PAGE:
Early Years Foundation Stage Curriculum
During early childhood rapid growth occurs and a high proportion of learning takes place from birth to five. We aim to provide an inspiring ‘hands on’ curriculum in a safe, nurturing environment at this important stage of your child’s development.
Learning through Play
Play underpins the Early Years curriculum. It also underpins learning and all aspects of children’s development. Through play children develop language skills. And, their emotional and creative, social and intellectual skills are practiced, explored and developed.
For most children their play is natural and spontaneous, although some children may need extra help from adults to explore their world and interact with others.
Play takes place indoors and outdoors, and it is in these different environments that children explore and discover their immediate world. It is here they practice new ideas and skills, they take risks, show imagination and solve problems on their own or with others.
The EY team provide time and space and appropriate interventions and resources to support children’s play. These might include setting up activities that will inspire play and fire children’s imaginations. Adults in the EY team observe children’s play closely and join in when appropriate, watching and listening before intervening. The adults value play, and provide safe but challenging environments that support and extend children’s learning and development.
Early Years Foundation Stage (EYFS) Framework
The national EYFS framework explains how and what children will be learning to support their healthy development and provide the foundation children need to make the most of their abilities and talents as they grow up.
The EYFS specifies requirements for learning and development and for safeguarding children and promoting their welfare.
Children learn skills, acquire new knowledge and demonstrate their understanding through seven areas of learning and development. These are:
- Communication and language;
- Physical development; and
- Personal, social and emotional development.
These prime areas are those essential for a child’s healthy development and future learning. As children develop, the prime areas support them to develop skills in a further four specific areas. These are:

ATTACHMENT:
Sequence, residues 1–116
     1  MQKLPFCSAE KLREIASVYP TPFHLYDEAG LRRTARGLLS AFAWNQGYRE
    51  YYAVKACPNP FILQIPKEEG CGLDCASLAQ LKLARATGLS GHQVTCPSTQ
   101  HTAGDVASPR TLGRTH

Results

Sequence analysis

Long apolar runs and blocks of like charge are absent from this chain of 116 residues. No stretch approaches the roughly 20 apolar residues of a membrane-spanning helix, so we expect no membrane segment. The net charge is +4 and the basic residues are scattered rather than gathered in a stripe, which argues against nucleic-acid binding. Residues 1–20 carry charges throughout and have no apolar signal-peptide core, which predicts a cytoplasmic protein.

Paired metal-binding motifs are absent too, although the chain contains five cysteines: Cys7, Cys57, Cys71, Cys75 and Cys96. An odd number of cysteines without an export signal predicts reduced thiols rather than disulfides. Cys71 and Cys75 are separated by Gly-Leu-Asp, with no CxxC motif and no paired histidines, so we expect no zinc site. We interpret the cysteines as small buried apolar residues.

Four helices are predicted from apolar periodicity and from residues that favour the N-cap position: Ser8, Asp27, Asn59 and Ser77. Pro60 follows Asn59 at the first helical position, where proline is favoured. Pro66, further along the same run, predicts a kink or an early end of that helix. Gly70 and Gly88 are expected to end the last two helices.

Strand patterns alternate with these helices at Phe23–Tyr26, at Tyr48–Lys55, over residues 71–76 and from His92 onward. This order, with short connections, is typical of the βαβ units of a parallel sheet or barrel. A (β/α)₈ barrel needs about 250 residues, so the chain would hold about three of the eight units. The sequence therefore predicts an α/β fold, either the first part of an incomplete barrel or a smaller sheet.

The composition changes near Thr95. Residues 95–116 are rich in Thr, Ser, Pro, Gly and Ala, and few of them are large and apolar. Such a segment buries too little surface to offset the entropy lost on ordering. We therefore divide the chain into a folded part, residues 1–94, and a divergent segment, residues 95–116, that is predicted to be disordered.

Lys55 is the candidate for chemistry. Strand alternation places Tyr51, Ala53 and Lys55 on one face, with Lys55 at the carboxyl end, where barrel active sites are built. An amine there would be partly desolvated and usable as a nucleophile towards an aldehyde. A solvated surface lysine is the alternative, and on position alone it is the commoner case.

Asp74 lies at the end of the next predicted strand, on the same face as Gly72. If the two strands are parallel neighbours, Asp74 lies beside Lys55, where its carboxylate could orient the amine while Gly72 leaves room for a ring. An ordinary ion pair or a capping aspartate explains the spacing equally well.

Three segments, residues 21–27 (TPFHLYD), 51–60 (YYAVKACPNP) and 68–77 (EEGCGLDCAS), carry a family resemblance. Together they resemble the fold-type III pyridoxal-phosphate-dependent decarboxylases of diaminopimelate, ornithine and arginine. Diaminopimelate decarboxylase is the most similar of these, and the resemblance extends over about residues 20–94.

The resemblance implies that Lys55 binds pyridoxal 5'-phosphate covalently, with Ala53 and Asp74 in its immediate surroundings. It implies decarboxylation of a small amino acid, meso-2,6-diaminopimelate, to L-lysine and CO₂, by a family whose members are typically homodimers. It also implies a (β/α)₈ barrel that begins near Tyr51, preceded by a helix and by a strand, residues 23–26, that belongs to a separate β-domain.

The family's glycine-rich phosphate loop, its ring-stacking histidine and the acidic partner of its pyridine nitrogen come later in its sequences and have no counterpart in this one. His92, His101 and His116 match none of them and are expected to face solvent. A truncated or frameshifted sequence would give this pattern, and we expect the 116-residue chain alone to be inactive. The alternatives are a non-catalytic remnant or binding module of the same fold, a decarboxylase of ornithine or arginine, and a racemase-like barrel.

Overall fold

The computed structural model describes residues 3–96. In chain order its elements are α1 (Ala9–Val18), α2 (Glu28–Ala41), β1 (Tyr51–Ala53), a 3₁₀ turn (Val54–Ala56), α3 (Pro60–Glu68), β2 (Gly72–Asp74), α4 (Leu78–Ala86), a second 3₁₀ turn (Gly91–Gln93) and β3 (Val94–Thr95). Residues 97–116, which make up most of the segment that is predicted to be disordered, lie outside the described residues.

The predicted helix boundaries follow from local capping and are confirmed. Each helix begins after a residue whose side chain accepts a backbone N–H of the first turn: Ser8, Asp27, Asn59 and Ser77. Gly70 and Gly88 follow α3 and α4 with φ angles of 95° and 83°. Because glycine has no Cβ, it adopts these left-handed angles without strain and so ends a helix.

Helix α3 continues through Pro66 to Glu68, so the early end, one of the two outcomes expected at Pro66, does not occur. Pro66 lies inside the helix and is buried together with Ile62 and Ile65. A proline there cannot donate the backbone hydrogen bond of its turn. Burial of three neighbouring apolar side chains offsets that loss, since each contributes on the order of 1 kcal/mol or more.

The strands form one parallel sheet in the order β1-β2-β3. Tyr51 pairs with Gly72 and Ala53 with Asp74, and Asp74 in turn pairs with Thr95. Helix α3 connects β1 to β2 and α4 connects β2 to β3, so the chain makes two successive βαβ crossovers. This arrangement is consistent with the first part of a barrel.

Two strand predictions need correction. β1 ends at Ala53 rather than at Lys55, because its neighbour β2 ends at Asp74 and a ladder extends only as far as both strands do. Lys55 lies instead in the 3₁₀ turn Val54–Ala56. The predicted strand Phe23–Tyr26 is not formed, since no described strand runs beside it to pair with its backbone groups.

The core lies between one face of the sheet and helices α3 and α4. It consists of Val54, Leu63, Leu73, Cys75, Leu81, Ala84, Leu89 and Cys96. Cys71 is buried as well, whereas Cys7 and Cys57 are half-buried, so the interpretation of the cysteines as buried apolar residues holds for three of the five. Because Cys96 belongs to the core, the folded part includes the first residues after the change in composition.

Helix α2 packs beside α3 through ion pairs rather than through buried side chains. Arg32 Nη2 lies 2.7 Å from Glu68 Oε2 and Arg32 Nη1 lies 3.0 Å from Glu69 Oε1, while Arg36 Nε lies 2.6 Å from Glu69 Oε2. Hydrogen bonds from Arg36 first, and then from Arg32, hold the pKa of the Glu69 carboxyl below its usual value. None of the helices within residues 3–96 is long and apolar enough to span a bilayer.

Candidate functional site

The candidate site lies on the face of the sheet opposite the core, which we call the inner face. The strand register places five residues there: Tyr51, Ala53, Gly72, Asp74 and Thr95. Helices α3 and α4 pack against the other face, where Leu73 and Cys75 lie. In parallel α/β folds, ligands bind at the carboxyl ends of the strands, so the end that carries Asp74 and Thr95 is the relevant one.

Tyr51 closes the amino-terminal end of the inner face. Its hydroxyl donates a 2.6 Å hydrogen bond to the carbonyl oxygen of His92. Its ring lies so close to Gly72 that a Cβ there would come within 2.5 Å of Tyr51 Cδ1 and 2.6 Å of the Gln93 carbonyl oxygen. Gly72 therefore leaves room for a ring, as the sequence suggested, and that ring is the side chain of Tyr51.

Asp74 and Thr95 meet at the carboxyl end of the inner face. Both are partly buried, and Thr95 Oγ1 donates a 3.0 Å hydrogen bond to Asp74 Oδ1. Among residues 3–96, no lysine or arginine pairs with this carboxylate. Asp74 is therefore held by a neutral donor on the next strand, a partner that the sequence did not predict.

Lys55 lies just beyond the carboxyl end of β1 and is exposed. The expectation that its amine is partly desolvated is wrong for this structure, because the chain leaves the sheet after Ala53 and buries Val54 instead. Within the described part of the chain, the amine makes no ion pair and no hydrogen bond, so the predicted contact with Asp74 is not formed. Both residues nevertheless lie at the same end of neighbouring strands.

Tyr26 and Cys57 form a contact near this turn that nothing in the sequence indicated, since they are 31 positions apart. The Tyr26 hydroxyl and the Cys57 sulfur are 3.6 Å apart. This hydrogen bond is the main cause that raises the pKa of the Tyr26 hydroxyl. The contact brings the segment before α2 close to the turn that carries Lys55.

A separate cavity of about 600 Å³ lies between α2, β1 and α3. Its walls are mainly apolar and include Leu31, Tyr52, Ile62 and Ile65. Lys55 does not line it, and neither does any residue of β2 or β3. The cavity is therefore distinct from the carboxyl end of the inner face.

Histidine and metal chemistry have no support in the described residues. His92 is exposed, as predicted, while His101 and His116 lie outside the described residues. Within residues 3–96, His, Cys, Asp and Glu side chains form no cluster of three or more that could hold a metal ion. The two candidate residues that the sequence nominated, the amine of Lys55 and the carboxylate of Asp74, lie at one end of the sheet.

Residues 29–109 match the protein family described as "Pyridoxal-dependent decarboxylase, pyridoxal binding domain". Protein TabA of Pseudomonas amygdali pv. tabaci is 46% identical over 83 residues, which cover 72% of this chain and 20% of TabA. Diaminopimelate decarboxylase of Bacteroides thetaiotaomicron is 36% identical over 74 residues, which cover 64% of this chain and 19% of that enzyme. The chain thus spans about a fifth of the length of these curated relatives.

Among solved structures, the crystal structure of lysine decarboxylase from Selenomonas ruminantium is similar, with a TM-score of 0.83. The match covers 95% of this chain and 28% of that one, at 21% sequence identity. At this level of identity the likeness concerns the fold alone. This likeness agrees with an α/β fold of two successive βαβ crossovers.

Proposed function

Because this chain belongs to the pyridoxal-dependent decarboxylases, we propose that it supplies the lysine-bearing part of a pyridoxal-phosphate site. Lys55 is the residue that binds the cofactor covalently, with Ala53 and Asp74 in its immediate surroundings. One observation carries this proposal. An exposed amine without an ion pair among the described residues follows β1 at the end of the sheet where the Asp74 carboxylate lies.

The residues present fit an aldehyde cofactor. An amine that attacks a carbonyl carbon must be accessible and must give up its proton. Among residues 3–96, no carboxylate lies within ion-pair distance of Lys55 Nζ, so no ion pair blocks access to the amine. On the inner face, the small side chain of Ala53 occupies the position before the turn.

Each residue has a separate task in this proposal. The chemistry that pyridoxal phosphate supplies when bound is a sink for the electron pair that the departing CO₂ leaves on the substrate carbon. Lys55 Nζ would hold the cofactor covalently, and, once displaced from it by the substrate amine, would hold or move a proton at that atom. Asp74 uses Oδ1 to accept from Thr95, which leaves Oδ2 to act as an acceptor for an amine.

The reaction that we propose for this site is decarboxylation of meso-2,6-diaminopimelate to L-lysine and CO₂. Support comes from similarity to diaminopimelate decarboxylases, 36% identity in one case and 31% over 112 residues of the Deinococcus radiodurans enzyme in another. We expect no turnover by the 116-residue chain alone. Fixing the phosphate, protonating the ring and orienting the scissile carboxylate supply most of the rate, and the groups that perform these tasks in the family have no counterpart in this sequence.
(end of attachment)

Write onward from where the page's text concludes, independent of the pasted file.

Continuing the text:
- Understanding the world; and
- Expressive arts and design.
All seven areas of learning are used in planning children’s learning and activities. This does not mean that all your child’s learning is divided up into specific areas. The professionals teaching and supporting your child at Normand Croft will make sure that the activities are suited to your child’s unique needs. And, one experience may provide a child with opportunities to develop a number of skills and concepts across several areas of learning.
If you visit Nursery, or the Reception class, you will see a range of activities taking place such as role-play, practical games, painting, cutting and sticking and reading in the book corner.
You would also see the outdoor classroom in operation, with equipment such as bikes, cars, sand, mud and water.
EYFS in more detail
The three prime areas:
Communication and language
Listening and attention: children listen attentively in a range of situations. They listen to stories, accurately anticipating key events and respond to what they hear with relevant comments, questions or actions. They give their attention to what others say and respond appropriately, while engaged in another activity.
Understanding: children follow instructions involving several ideas or actions. They answer ‘how’ and ‘why’ questions about their experiences and in response to stories or events.
Speaking: children express themselves effectively, showing awareness of listeners’ needs. They use past, present and future forms accurately when talking about events that have happened or are to happen in the future. They develop their own narratives and explanations by connecting ideas or events.
Health and self-care: children know the importance for good health of physical exercise, and a healthy diet, and talk about ways to keep healthy and safe. They manage their own basic hygiene and personal needs successfully, including dressing and going to the toilet independently.
Moving and handling: children show good control and co-ordination in large and small movements. They move confidently in a range of ways, safely negotiating space. They handle equipment and tools effectively, including pencils for writing.
Personal, social and emotional development
Managing feelings and behaviour: children talk about how they and others show feelings, talk about their own and others’ behaviour, and its consequences, and know that some behaviour is unacceptable. They work as part of a group or class, and understand and follow the rules. They adjust their behaviour to different situations, and take changes of routine in their stride.
Self-confidence and self-awareness: children are confident to try new activities, and say why they like some activities more than others. They are confident to speak in a familiar group, will talk about their ideas, and will choose the resources they need for their chosen activities. They say when they do or don’t need help.